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Outside Slack’s office in San Francisco. (BigStock Photo / David Tran)

Microsoft considers Slack enough of a threat to its Office business to officially list the popular workplace communication and collaboration tool as a competitor for the first time in its annual 10-K report to the Securities and Exchange Commission.

RELATED: Don’t call it a chat app! How Slack is sharpening its focus to compete against Microsoft and others

The addition of Slack to the list is the latest sign of the changing nature of the Office franchise as it shifts to the cloud. The tech giant launched its Slack rival, Microsoft Teams, for Office 365 subscribers last year. It’s the latest expansion of the product line long known for the Word, PowerPoint and Excel productivity apps.

The recognition of Slack as an Office competitor is one of the more notable tidbits from Microsoft’s 10-K report, released Friday. The annual filing gives investors a comprehensive update the company’s business.

We processed Microsoft’s 2017 and 2018 10-K filings through Microsoft Word’s “Compare Documents” feature to see what the company changed, removed and added this year.

Lists of rivals and risk factors are an obligatory part of these regulatory filings, pointing to competitive threats and providing legal cover by outlining the potential worst-case scenarios for investors. Much of the language is repeated from year-to-year. Because of that, the changes and additions stand out as glimpses into the company’s current mindset.

Microsoft recently unveiled a free Teams version that can be used without a subscription, escalating its Slack challenge. The company said in March that more than 200,000 organizations were using Microsoft Teams. Slack said in May that it is used by 500,000 organizations, with 8 million daily active users, including more than 3 million paid users. Microsoft, however, has the long-term advantage of being able to offer Teams to its base of more than 135 million Office 365 business users.

[Note: Number of Office 365 business users corrected since original post.]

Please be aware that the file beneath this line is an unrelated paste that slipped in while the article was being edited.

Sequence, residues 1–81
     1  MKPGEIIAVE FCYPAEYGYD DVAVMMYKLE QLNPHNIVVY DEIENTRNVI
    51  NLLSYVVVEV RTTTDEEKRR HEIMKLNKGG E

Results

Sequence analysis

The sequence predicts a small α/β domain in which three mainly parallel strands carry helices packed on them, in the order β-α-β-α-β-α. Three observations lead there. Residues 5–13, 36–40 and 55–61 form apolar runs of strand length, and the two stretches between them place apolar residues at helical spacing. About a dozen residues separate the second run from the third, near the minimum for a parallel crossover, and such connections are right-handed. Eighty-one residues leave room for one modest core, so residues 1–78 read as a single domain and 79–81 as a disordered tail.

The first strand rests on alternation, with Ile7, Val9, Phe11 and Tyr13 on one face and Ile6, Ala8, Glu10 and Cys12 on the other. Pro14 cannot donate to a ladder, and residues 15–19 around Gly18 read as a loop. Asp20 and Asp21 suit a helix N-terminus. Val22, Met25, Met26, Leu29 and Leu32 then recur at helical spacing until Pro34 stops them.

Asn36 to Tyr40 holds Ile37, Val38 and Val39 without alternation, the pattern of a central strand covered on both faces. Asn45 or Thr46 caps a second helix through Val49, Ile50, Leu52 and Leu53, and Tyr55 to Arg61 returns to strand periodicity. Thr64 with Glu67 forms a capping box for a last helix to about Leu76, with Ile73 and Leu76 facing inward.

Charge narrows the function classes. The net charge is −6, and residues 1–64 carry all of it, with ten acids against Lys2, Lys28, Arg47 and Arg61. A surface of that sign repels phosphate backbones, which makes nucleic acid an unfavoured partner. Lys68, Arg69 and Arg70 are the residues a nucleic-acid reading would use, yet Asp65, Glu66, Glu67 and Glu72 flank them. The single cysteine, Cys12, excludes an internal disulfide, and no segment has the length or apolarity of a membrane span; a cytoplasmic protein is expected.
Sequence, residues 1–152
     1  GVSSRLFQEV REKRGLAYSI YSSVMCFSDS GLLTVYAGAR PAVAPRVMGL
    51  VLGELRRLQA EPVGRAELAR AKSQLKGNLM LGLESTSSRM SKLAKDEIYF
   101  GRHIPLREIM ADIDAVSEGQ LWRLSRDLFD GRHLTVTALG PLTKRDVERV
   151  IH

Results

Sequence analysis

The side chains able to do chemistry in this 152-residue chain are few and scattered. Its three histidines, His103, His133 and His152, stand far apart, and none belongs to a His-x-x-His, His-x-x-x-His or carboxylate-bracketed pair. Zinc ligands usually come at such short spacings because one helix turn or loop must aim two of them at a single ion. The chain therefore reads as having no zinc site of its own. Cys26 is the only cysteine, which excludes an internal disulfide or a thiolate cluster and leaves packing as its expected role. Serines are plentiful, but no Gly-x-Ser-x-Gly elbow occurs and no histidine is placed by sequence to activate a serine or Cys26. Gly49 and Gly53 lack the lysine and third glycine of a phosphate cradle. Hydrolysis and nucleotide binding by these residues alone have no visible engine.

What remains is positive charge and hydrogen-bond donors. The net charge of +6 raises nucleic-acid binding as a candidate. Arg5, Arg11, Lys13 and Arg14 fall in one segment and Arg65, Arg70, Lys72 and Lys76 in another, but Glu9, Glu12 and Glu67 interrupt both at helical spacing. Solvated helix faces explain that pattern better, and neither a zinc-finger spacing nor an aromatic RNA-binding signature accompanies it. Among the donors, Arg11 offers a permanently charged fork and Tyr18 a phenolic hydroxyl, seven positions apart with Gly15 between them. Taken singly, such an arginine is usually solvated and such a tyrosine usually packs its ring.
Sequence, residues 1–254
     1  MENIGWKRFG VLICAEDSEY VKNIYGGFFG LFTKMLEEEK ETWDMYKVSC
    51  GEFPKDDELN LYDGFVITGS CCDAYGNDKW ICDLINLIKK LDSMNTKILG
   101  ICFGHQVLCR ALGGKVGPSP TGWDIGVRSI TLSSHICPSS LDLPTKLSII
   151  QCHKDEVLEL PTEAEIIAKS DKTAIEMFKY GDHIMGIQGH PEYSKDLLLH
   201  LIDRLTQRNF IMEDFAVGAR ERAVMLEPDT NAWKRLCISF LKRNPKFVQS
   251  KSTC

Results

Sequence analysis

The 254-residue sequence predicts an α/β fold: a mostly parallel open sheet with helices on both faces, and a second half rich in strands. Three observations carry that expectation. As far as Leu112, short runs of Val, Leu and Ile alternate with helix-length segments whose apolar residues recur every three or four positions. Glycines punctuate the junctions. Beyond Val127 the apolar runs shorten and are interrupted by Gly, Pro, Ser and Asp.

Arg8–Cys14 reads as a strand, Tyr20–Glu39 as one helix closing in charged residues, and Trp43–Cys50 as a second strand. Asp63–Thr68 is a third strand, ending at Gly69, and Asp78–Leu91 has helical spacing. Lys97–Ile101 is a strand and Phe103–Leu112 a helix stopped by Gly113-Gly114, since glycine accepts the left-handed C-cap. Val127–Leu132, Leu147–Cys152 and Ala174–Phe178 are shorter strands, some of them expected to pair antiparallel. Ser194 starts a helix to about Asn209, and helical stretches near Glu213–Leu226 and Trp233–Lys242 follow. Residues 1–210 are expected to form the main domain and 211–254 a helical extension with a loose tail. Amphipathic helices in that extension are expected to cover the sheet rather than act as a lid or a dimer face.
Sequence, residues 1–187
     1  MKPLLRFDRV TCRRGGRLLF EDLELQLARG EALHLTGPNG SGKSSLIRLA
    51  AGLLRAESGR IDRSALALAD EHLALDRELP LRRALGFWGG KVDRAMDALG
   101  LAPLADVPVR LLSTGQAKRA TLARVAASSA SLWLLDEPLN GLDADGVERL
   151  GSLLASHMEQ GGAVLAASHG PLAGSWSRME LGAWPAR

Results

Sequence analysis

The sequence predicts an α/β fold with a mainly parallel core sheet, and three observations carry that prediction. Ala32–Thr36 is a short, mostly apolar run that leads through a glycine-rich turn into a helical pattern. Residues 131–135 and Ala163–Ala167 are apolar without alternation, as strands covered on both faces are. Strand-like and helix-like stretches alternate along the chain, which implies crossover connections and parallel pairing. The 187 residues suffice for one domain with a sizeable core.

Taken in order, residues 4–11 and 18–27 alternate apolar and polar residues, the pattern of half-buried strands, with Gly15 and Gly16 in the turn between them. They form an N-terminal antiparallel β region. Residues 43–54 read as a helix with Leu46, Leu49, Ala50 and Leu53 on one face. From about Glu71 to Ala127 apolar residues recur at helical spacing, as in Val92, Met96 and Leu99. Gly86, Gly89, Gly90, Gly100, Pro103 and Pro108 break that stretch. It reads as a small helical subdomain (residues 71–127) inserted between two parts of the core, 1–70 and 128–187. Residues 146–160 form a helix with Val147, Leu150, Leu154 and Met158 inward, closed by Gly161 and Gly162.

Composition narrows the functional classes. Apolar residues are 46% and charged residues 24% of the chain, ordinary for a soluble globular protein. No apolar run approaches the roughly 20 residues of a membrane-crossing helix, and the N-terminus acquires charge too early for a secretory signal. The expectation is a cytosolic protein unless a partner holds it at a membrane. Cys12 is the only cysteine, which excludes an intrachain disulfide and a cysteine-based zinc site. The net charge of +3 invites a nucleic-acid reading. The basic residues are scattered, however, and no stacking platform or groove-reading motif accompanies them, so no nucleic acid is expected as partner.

Another new sentence in this year’s 10-K report describes Teams as “core to our vision for the modern workplace as the digital hub that creates a single canvas for teamwork, conversations, meetings, and content.”

In addition to adding Slack, Microsoft removed Oracle, IBM and Adobe from the list of Office competitors. The removal of Adobe follows efforts by the companies to deepen their partnership in areas including the cloud and e-signatures, as well as further integration of Adobe PDF capabilities into Office 365.

Meanwhile, new revenue numbers in the 10-K show the continued growth of the Office business following Microsoft’s shift to a cloud subscription model. A section in the 10-K each year groups revenue by major product lines, providing a glimpse of the company’s performance through the lens of its well-known products and services. (This can often be difficult to decipher in the company’s quarterly earnings reports, which separates various products into different divisions.)

According to the 10-K, revenue for Office products and cloud services rose 10.7 percent to $28.3 billion in Microsoft’s fiscal 2018, which ended June 30. Office was followed closely by Server products and cloud services, with revenue of $26.1 billion, up more than 20 percent. Revenue in Microsoft’s Windows business rose about 5 percent to $19.5 billion.

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